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$156b needed yearly for universal access to clean cooking

By Kingsley Jeremiah, Abuja
01 September 2021   |   2:58 am
The world will need $156 billion yearly to transit Nigeria and other countries to clean cooking sources for a 2030 deadline to be realised.

Cooking gas

The world will need $156 billion yearly to transit Nigeria and other countries to clean cooking sources for a 2030 deadline to be realised.

A document from the Clean Cooking Alliance (CCA), which has already been endorsed by the United Nations, World Trade Organisation (WTO), African Refiners and Distribution Association and other stakeholders revealed an aggressive agenda towards universal access for clean cooking.

Coming at a time when the cost of Liquefied Petroleum Gas (LPG) is skyrocketing in Nigeria and forcing people to cope with the dangers of cooking with biomass and the implications on deforestation, the CCA manifesto seen by The Guardian noted that about 26 per cent funding requirement must come from public-sector sources to de-risk private investment.

Also, a further 67 per cent is expected to come from household expenditure while private sector financing required for the development of downstream infrastructure essential to the functioning of the modern energy cooking markets would account for the remaining seven per cent.

With environmental and health dangers, the African Refiners and Distribution Association (ARDA) and other experts had warned of imminent danger if Africa fails to quickly adopt modern clean cooking energy as over 600,000 Africans, especially Nigerians may die yearly, due to household air pollution like firewood and charcoal.

“To date, the level of commitment and investment in clean cooking has not matched the global magnitude of the challenge. Considering the yearly toll on human health, forests, climate and local economies, clean cooking solutions should be central to global strategies and to national recovery plans.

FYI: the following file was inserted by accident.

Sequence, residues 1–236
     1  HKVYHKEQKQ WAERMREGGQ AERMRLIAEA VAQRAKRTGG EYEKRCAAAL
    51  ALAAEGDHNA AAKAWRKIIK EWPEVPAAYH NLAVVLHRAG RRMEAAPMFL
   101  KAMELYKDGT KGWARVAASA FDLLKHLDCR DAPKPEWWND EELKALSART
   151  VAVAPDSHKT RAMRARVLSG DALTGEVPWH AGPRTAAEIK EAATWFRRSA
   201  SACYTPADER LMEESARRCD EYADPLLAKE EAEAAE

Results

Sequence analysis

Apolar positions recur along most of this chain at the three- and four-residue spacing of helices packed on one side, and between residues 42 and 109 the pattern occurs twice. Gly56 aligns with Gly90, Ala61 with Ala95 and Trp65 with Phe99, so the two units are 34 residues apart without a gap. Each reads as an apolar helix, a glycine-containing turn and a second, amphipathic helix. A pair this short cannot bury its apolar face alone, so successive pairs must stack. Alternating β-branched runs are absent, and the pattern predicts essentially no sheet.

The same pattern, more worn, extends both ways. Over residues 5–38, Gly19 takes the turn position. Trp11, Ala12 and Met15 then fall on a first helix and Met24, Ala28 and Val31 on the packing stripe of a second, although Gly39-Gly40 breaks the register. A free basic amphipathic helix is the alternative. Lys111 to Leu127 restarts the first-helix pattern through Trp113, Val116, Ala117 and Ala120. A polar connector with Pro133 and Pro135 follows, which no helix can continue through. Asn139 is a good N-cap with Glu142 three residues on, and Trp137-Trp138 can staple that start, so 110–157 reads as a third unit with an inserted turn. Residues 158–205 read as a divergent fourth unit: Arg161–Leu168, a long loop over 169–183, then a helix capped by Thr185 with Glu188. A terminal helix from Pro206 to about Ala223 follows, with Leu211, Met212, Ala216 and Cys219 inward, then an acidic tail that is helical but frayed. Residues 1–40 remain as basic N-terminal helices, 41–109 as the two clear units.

“Changing the way families cook their food each day will slow climate change and deforestation, drive gender equality, reduce poverty, and provide enormous health benefits,” the document noted.

To address the challenges, the alliance noted that immediate actions were needed from governments, international finance and development institutions, and the private sector to accelerate action on clean cooking.

The players canvassed a just energy transition that leaves no one behind, adding that the clean cooking community must address the tensions and trade-offs inherent in achieving universal access to clean cooking by 2030 and zero emissions by 2050 and ensure pathways for a just and inclusive energy transition.

“Governments submitting their revised NDCs should ensure clean cooking is fully embedded, with robust targets to meet climate and development goals. Likewise, governments should engage in integrated energy planning that addresses the full suite of household energy needs, including clean cooking, to maximize health and livelihood benefits of energy access,” CCA noted.

The body similarly mulled the creation of governmental clean cooking ‘delivery units’ that lead and coordinate clean cooking efforts across agencies and departments.

The experts also asked stakeholders to enact favourable and stable fiscal policies to sustain business growth and increase affordability, stressing that the government could support the development of a robust clean cooking industry through tax and import duty exemptions, accelerated depreciation, and smart subsidies.

“These approaches have been deployed, with much success, in the off-grid, renewable power sector. Purely market-based models are unlikely to be sufficient to deliver affordable solutions at the level required to achieve universal access by 2030. Given the multiple social and developmental benefits associated with clean cooking, deploying innovative supply and demand-side subsidies is justified to enable wider access, as has been the case in the off-grid solar sector,” the document stated.

The group also stressed the need to support countries to develop appropriate policy frameworks and technical support to enable rapid growth of clean cooking solutions.

To them, countries need to be supported when developing Nationally Determined Contributions (NDCs) and National Adaptation Plans, adding that there is a need to be representative of the current situation on clean cooking and make sure to call for stronger help from the international community through climate finance for clean cooking solutions.

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